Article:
all photos & text by Don Roberson
Rita and I visited Florida just
before Christmasin late December
2006. We drove a transect along the Atlantic coast from Jacksonville
to Miami, checking out historic sites and looking for interesting birds.
Our only venture toward the interior was just west of Jacksonville,
to the Olustee Battlefield. This was the only Civil War battle of any size
fought in Florida, and it came late in the War in February 1864. The result
was a Confederate victory that stymied any attempt to release Union prisoners
at Andersonville, Georgia, from the south.
The pine and palmetto woods on the battlefield are nicely preserved.
We were surprised to find several Red-cockaded Woodpecker (right).
Although surely this is a well-known site for this species, we had been
unaware of that prior to our encounter with them.
Castillo de San Marcos National Monument (left) protects
the earliest and most important Spanish fortress now on U.S. soil. Begun
in 1762, this large fort in today's downtown St. Augustine was occupied
by the Spanish, taken (twice) by the English, and re-occupied by the Spanish,
before being ceded to the United States in 1821. It changed hands again
during the Civil War, and later served as a prison for American Indian
leaders from the Southwest.
The hefty thick-walled fort is still impressive, although Ruddy Turnstones
now tread the walls instead of soldiers.
An unexpectedly delightful spot was Ft. Matanzas National Monument
(right). It is a little fairytale pocket-fort built by the Spanish in 1740
to ward off British encroachments. It is such a fine example of 18th century
Spanish forts that it was one of the first four forts preserved by the
National Park Service during the administration of Calvin Coolidge. Although
no battles were fought here, the fort was built on the site of a 1564 massacre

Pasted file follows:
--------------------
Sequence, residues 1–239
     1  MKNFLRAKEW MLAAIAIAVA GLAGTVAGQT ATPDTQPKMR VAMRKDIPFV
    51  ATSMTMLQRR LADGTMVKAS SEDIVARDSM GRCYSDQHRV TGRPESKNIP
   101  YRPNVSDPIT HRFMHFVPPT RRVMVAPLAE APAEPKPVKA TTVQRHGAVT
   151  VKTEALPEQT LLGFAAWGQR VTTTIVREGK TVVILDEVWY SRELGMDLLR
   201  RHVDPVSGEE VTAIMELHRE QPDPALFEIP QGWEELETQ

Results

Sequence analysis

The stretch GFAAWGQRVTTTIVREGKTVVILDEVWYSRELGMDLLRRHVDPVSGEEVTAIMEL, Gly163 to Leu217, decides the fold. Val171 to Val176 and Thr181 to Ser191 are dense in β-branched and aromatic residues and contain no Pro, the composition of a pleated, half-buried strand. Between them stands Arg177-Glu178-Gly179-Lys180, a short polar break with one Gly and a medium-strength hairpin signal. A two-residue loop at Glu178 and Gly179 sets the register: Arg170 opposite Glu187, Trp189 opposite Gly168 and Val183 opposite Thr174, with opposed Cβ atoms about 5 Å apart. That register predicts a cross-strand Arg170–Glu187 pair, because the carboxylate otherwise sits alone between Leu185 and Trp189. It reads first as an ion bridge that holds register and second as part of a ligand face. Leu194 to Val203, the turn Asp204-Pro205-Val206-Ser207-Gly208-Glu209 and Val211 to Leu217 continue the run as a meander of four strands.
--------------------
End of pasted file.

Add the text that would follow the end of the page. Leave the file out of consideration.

of French Huguenots by the Spanish from St. Augustine.
The Fort is reached only by ferry. The ride produced views of Bald Eagle
and (at the fort's little pond) several Hooded Mergansers.
A late afternoon visit to the salt marshes at the end of Shiloh
Marsh Road, Merritt Island NWR, produced several surprises. Don
donned wading boots to see marsh-dwelling sparrows, but before finding
any managed to spook a Short-eared Owl and then almost stepped on a Dusky
Pigmy Rattlesnake (left; Sistrurus miliarius barbouri). Eventually,
both Saltmarsh Sharp-tailed and Nelson's Sharp-tailed Sparrows were viewed,
but not without substantial efforts. A half-dozen other sparrows got away
This female Masked Duck, a long-running vagrant stakeout,
performed very well at the Viera wetlands, Brevard County, on 21
Dec (right). We have multiple still and video images but I rather like
this one, in which she tries to hide in an obviously inadequate mat of
||Rita still needed to see an ABA-area Smooth-billed Ani, a species
now seriously in decline in Florida. From Internet postings it seemed the
only recent leads were at the Ft. Lauderdale airport, and even these were
several months old. We tried the little linear park along Griffon Avenue
at the south end of the airport and encountered a flock of 8 anis! They
posed nicely in a festive setting (left).
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Our final stop was Bill Baggs Cape Florida State Park
on Key Biscayne, where a Western Spindalis had been the week before. Despite
searches in late afternoon, and the next morning before our flight to Trinidad,
we came up empty. That vagrant seems to have departed. The only vagrants
of note seem to have been a few Red Saddlebags
We don't know their true status here, but at least one guide (Nikula &
Sones 2002 Beginner's Guide to Dragonflies
) suggests they are only
erratic here. If nothing else, it is always gratifying to obtain flight
shots of odes.
It was just a short visit to the Sunshine State, and a prelude to tropical
birding in Trinidad, but we were quite pleased with our pre-Christmas visit.
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Page created 31 Dec 2006